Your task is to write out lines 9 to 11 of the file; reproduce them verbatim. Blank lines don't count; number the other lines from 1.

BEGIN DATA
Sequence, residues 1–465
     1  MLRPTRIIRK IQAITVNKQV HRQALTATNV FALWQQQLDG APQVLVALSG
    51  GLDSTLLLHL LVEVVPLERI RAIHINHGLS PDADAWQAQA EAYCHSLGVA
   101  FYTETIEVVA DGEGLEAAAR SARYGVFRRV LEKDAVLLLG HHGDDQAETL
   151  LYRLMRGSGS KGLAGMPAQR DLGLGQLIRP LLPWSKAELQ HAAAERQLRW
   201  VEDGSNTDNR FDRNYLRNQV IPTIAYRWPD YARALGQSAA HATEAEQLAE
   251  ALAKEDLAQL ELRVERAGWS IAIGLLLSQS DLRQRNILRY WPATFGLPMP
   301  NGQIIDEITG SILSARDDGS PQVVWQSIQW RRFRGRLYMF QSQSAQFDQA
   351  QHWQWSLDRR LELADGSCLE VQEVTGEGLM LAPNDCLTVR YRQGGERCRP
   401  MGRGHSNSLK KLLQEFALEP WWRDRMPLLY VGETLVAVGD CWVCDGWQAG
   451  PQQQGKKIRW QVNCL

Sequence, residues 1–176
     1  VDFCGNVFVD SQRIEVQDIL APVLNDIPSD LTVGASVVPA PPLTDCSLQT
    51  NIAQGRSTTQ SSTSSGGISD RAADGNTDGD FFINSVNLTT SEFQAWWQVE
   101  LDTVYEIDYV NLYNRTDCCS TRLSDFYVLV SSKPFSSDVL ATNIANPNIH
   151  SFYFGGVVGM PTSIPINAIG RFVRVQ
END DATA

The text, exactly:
   351  QHWQWSLDRR LELADGSCLE VQEVTGEGLM LAPNDCLTVR YRQGGERCRP
   401  MGRGHSNSLK KLLQEFALEP WWRDRMPLLY VGETLVAVGD CWVCDGWQAG
   451  PQQQGKKIRW QVNCL